Black businesswoman sitting on the bus

How Black Workers Have Been Impacted by the Pandemic

6 min read • Feb 07, 2021 • Terri Williams

COVID-19 has cut a path of destruction that extends in every direction. In addition to millions of confirmed US cases and deaths in the hundreds of thousands, businesses and livelihoods have been decimated.

However, some segments of the population are more affected by the pandemic than others. And Black workers appear to bear the brunt of COVID-19’s wrath on several levels.

Essential Workers Without Essential Pay

Roughly 42% of the labor force is working from home on a full-time basis, according to research from Stanford. But these workers aren’t likely to be Black.

“Black employees have received an inordinate amount of the pain caused by the pandemic due to the fact that they are likely to be among those considered essential workers, such as supermarket and medical professionals, and least likely to be among those workers who were able to continue doing their jobs from the safety of their homes,” says Ken Eulo, founding partner at Smith & Eulo Law Firm in Orlando, FL.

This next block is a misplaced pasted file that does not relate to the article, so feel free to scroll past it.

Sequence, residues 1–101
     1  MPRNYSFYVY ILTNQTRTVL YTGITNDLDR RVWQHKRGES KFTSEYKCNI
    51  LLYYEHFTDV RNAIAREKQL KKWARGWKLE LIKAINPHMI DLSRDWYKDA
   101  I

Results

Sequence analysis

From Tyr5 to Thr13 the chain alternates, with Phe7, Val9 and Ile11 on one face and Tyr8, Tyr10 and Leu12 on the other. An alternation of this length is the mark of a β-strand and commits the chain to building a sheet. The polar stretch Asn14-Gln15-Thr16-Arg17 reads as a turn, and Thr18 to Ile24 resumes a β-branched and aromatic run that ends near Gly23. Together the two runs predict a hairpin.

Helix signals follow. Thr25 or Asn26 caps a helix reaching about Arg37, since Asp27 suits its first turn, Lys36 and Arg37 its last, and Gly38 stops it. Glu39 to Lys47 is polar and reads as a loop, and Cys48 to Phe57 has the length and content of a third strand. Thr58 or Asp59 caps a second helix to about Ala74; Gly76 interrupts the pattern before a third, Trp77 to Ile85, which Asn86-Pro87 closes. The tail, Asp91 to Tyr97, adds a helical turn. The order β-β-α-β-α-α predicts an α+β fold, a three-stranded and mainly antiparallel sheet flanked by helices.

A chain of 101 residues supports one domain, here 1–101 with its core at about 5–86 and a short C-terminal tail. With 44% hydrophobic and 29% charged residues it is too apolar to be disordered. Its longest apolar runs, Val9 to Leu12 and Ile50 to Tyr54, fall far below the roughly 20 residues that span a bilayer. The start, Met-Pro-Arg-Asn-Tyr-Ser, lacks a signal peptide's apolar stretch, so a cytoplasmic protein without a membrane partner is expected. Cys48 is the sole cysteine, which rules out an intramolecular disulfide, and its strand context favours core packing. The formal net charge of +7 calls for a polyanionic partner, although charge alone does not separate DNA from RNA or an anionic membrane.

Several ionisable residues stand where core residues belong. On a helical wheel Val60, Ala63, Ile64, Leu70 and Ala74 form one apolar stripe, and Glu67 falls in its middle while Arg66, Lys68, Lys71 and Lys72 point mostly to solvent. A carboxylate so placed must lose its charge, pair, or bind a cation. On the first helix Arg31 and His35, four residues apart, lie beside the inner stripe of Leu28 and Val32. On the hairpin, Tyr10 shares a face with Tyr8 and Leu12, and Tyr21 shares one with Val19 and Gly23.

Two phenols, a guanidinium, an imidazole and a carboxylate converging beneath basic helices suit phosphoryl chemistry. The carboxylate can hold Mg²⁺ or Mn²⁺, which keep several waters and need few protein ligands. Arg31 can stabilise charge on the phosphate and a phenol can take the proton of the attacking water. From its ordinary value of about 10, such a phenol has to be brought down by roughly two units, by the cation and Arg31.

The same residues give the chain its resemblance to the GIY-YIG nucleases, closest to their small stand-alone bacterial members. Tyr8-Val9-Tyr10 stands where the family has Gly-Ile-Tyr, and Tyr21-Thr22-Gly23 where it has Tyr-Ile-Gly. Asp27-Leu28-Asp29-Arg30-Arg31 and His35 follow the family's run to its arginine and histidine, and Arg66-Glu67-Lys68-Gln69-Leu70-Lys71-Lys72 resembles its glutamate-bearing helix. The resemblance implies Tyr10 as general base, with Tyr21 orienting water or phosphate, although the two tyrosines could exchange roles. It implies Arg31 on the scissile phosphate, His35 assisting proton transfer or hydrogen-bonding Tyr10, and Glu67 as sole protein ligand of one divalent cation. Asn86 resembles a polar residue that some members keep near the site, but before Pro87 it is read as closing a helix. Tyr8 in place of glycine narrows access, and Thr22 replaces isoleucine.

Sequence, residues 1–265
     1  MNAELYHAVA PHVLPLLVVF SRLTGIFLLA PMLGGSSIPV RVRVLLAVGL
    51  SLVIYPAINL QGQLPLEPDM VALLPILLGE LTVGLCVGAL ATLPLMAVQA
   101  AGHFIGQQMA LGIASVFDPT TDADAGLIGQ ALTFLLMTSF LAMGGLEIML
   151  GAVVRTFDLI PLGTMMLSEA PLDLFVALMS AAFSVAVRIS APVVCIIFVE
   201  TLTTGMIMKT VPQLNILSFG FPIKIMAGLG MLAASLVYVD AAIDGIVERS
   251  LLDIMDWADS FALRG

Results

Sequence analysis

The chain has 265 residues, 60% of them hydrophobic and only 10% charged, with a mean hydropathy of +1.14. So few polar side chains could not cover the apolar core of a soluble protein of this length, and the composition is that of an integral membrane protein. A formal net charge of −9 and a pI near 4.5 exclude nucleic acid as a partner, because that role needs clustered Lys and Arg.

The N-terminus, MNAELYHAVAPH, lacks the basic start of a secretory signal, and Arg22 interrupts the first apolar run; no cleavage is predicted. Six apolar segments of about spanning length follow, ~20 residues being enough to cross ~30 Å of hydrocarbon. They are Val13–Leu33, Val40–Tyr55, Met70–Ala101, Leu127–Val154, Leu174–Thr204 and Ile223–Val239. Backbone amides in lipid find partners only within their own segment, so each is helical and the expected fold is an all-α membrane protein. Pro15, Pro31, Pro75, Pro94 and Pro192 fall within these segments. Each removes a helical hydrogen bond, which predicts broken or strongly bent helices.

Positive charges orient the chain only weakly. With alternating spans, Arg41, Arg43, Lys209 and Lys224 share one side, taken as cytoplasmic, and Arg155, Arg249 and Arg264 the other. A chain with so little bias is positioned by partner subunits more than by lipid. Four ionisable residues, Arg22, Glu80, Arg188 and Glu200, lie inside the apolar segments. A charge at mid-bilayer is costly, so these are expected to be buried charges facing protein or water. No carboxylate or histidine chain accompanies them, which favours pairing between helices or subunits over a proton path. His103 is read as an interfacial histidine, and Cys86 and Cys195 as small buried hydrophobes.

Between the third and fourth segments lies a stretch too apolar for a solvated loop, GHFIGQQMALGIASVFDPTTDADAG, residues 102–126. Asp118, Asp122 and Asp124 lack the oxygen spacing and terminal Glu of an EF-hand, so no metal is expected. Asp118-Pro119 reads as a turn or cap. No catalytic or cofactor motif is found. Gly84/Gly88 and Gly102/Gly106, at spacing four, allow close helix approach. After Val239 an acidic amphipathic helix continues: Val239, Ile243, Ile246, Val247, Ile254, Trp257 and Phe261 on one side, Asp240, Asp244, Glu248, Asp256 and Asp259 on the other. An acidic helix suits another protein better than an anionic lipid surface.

He’s right. Black workers are also more likely to be overrepresented in occupations with an increased chance of contracting COVID-19, according to data from the US Bureau of Labor Statistics.   

In fact, a demographic profile of workers in frontline industries by the Center for Economic and Policy Research reveals that Blacks make up only 11.9% of all workers. However, they make up 17% of workers in frontline industries. Blacks make up 14.2% of workers in grocery, convenience, and drug stores; 26% of public transportation workers; and 18.2% of trucking, warehouse, and postal service workers. In addition, Blacks make up 12.6% of building cleaning services workers, 17.5% of healthcare workers, and 19.3% of workers in childcare and social services.